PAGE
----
Editorial: Trump fumbles on immigration

The Detroit News

Give Donald Trump some credit for meeting with a foreign leader, and for making himself available to the press after his speech Wednesday on immigration policies. But the ideas Trump put forward on immigration are misguided at best and not likely to win the GOP presidential candidate many new voters.

Trump has done a lot of non-presidential things during his campaign. At least meeting with Mexican President Enrique Peña Nieto gave him the appearance of a serious candidate. And Trump still offers himself to the media, unlike his Democratic rival Hillary Clinton, who hasn’t held a press conference in more than 270 days.

For all the problems with the nation’s immigration system—and there are a lot—focusing on the individual actions of certain criminal illegal immigrants is no basis for policy reform. Speakers did so in Cleveland at the Republican National Convention, and Trump continued to do so last week.

While the federal government should have complete control over who is in the country, particularly if they’re committing crimes, Trump essentially reiterated that he would overturn the law that allows undocumented immigrants who entered the country before their 16th birthday and before June 2007 to be exempt from deportation.

“Anyone who has entered the United States illegally is subject to deportation. That is what it means to have laws and to have a country. Otherwise, we don’t have a country,” he said.

That’s not much of a departure from his initial hardline position.

Stories of violently criminal immigrants are anecdotes. The real problems with immigration are bureaucratic and systemic, and require more thoughtful solutions than an expensive wall along the Southern border or a deportation force.

Those ideas may hit home with many Trump supporters, who believe immigrants have stolen their jobs and harmed America’s economy and culture. Yet they aren’t feasible solutions and would be costly undertakings that would only expose the nation’s deeper economic troubles.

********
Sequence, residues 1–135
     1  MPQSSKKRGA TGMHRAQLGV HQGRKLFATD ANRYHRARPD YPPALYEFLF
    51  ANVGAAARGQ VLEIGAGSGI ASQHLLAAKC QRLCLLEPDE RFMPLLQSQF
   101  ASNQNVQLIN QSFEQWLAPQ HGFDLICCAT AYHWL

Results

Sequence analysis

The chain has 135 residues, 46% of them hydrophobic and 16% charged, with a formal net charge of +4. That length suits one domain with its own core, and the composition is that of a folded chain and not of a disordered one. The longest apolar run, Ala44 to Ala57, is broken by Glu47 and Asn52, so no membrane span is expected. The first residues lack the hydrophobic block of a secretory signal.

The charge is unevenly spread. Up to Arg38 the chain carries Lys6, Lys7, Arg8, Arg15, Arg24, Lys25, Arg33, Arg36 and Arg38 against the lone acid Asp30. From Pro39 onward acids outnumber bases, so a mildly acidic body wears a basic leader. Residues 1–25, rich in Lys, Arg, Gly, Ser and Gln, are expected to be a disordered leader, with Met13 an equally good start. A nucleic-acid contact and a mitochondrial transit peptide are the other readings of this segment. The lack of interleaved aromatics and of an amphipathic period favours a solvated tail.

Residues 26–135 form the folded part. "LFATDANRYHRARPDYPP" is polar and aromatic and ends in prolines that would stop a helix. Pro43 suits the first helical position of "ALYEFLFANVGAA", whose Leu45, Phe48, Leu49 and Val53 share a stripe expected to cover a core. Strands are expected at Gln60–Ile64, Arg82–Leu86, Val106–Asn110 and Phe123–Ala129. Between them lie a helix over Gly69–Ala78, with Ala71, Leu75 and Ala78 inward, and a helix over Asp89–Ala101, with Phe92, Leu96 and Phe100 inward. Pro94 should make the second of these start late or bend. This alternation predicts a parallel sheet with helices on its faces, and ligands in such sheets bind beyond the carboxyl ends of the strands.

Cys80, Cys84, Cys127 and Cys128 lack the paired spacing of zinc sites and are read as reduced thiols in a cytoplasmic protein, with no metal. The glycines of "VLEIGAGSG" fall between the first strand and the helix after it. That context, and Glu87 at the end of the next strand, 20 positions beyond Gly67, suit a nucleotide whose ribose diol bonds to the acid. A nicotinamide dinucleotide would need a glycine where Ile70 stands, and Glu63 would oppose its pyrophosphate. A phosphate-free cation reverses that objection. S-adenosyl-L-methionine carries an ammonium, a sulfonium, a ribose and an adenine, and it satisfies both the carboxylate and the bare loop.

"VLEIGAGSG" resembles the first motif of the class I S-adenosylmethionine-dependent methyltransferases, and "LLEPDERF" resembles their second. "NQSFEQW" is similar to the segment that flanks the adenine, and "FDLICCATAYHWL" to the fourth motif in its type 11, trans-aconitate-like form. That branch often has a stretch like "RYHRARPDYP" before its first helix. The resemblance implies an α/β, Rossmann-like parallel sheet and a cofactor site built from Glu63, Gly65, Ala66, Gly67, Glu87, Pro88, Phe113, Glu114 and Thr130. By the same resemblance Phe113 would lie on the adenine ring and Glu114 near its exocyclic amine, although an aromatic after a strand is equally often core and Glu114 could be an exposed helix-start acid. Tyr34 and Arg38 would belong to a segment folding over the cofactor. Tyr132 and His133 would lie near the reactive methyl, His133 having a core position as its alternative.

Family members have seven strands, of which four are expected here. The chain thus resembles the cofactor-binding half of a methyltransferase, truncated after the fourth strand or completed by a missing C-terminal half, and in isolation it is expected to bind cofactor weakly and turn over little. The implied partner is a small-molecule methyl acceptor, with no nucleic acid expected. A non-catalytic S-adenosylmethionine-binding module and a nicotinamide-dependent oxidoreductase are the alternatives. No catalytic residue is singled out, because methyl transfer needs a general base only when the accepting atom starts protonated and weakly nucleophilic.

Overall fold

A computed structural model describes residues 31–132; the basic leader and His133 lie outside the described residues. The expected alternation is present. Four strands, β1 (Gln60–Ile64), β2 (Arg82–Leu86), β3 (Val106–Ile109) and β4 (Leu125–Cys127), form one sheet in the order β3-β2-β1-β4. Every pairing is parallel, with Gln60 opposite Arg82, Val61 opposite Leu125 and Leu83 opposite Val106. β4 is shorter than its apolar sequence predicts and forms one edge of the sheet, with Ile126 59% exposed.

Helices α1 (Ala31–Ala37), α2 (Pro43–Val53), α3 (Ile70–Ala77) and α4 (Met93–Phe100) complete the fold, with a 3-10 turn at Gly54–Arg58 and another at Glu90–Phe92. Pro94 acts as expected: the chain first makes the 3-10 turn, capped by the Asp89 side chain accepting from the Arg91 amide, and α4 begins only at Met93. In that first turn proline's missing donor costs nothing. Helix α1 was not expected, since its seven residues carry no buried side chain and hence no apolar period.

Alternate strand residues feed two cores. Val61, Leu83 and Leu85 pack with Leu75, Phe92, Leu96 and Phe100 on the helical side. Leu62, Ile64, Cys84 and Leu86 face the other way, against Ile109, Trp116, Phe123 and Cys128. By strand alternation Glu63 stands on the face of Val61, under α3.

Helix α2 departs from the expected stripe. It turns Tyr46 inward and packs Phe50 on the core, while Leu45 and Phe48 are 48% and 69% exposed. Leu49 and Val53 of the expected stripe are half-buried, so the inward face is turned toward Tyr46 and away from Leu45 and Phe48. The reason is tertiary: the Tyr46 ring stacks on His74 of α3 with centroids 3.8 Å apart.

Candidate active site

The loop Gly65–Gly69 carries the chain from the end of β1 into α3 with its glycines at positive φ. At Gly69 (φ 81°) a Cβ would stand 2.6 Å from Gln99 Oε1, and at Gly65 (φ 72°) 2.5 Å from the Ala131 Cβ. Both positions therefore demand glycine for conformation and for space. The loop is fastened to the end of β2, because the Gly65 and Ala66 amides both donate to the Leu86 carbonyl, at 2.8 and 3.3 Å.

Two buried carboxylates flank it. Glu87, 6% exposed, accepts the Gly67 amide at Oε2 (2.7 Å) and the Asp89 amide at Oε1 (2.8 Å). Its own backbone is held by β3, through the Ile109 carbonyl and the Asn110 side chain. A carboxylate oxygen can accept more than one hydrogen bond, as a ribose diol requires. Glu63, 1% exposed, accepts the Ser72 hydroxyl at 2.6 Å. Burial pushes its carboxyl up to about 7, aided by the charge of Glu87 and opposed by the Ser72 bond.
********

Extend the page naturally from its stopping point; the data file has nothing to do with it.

Additionally, for all Trump’s complaints about illegal immigration, fewer Mexicans are migrating to the U.S. today than in the past, according to the Pew Research Center. Between 2009 and 2014, only 870,000 Mexican nationals came to the U.S. from Mexico, down from 2.9 million between 1995 and 2000.

That says more about America’s lagging economy. Mexican nationals are moving back to Mexico for jobs—unemployment there has dipped to just 3.8 percent—and for family reasons.

Regardless, the only reasonable solution to the nation’s immigration challenges is comprehensive reform for non-criminal, undocumented immigrants to put them on a path toward a legal status, which includes paying taxes and obtaining a Social Security number.

Most Americans support such common-sense reforms, despite the fact that Congress hasn’t been able to get them through.

Trump’s focus strictly on Mexican immigrants also ignores the country’s inability to process immigrants from other parts of the world, including Asia and Europe, many of whom are highly skilled and in demand in states like Michigan.

According to the Cato Institute’s Alex Nowrasteh, “Trump’s proposed restrictions on legal immigration could slash the number of green cards issued by up to 62.9 percent.”

Real reform would include background checks, a reasonable amount of paperwork to prove identity and family connections, and a system to know who’s here that actually works.

Immigrants want to come to the United States because of its economic opportunity and freedoms. Trump’s platform encourages Americans to believe otherwise, and it’s not a winning message with the majority of voters.

It’s getting too late for Trump to pivot away from what has become a central part of his campaign, but it’s not too late for real immigration reform.